Artemis, a unique 2600-km-diameter circular feature on Venus, defies geomorphic classification as a corona, crustal plateau, or volcanic rise. Artemis is similar in size to plateaus and rises, yet topographically resembles a corona. Geologic mapping using correlated digital remote data sets including NASA Magellan C1-, C2-, and F-scale synthetic aperture radar (SAR) imagery, altimetry, and synthetic stereo has led to a determination of the geologic history of Artemis. Artemis comprises a large topographic welt that includes a paired circular ~ 1-km-deep trough (Artemis Chasma) and ~ 1-km-high outer rise; thus, Artemis is divisible into chasma (trough), interior region, and exterior region. The chasma hosts trough-normal faults and folds. The interior includes five ~350-km-diameter coronae (quasi-circular features marked by radial and/or concentric fractures) that record rich tectono-volcanic histories; radial extension fractures and trough-concentric wrinkle ridges dominate the exterior tectonic fabric. Artemis formed as a coherent entity; the coronae, chasma, chasma structures, radial fractures, and wrinkle ridges are all consistent with a deep plume model for Artemis formation. Rising and flattening of the plume head led to early uplift, doming, and radial fracturing as the plume head collapsed vertically and spread laterally, likely causing outward migration of the trough, as well as fracturing and wrinkle-ridge formation outboard of the trough. Within the trough, material was pulled downward, forming normal faults and folds. The plume continued to spread laterally outboard of the trough, resulting in continued radial fracturing and wrinkleridge formation. Small-scale interior convection cells or compositional diapirs resulted in coronae with radial fractures, and/or concentric fractures and/or folds, and associated volcanism. Artemis is akin in its formation to crustal plateaus and volcanic rises and likely formed during the transition from globally thin to thick lithosphere.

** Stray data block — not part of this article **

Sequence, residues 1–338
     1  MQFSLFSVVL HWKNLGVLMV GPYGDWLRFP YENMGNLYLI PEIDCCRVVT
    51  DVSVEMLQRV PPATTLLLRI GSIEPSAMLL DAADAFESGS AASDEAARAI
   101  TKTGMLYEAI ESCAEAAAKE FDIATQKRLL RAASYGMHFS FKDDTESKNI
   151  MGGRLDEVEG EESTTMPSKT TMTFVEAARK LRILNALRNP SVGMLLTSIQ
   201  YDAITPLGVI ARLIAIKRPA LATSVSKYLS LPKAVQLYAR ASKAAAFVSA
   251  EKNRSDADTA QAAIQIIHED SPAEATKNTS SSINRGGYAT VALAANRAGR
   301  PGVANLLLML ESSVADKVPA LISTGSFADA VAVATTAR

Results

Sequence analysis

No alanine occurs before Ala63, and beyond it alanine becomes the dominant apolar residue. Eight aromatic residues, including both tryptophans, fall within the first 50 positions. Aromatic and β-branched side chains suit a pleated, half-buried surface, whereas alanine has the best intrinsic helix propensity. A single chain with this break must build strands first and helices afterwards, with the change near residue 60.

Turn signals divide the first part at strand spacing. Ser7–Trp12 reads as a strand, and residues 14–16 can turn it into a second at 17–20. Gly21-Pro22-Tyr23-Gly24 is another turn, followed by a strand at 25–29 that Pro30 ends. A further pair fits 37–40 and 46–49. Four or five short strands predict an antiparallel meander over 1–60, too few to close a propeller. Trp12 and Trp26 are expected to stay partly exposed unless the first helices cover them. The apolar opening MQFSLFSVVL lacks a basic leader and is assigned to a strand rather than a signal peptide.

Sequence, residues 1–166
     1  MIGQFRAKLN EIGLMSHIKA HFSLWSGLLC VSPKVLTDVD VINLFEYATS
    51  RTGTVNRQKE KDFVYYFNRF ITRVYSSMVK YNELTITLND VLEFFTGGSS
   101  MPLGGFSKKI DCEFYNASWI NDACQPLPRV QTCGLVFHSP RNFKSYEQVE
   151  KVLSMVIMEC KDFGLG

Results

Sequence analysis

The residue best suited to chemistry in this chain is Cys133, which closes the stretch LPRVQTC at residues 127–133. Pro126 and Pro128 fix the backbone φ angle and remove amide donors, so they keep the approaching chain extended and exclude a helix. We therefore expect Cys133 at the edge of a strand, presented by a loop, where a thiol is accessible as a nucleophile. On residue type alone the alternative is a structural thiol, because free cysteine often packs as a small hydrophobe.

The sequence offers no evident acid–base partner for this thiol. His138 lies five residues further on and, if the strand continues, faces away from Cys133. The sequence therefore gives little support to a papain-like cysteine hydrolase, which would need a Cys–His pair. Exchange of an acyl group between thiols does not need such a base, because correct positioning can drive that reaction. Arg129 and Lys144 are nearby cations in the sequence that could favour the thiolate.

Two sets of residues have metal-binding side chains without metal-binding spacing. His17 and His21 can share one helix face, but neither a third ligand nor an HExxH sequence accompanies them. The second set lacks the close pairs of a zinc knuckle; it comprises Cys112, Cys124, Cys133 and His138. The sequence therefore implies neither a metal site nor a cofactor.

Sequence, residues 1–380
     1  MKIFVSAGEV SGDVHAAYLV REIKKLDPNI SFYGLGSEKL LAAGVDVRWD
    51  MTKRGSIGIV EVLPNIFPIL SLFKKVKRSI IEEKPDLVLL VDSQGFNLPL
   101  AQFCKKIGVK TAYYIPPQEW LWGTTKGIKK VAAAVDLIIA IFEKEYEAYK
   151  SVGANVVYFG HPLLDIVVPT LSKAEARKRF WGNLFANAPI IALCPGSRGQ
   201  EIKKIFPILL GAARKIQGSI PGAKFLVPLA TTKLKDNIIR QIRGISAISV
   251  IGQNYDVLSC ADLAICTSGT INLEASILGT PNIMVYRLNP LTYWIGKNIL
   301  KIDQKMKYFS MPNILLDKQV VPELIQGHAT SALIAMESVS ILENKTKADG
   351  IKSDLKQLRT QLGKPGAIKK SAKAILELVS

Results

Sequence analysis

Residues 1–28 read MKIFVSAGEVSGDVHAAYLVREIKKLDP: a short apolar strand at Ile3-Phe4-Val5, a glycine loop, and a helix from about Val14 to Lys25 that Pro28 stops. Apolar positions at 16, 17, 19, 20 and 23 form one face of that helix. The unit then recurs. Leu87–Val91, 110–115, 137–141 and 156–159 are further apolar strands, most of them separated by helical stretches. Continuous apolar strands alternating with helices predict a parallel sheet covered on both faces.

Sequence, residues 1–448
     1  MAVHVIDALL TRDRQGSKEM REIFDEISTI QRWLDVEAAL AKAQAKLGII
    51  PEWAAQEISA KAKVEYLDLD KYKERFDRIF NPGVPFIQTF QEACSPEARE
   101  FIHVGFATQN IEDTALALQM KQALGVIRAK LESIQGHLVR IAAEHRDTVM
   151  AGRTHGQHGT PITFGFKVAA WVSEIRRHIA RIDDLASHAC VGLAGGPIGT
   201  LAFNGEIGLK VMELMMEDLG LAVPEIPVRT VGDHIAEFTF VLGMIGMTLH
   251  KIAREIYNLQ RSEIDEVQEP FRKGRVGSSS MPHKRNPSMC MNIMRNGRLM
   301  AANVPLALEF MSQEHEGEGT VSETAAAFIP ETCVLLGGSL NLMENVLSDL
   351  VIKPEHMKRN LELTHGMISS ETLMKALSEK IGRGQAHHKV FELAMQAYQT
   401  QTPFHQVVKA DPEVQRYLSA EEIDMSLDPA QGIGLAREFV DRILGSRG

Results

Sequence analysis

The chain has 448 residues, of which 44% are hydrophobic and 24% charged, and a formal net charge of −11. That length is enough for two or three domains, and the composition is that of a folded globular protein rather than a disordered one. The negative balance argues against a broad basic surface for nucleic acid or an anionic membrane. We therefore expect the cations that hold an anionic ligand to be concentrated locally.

|Original language||English (US)|
|Number of pages||10|
|Journal||Bulletin of the Geological Society of America|
|State||Published - Jul 2002|
- Synthetic aperture radar (SAR)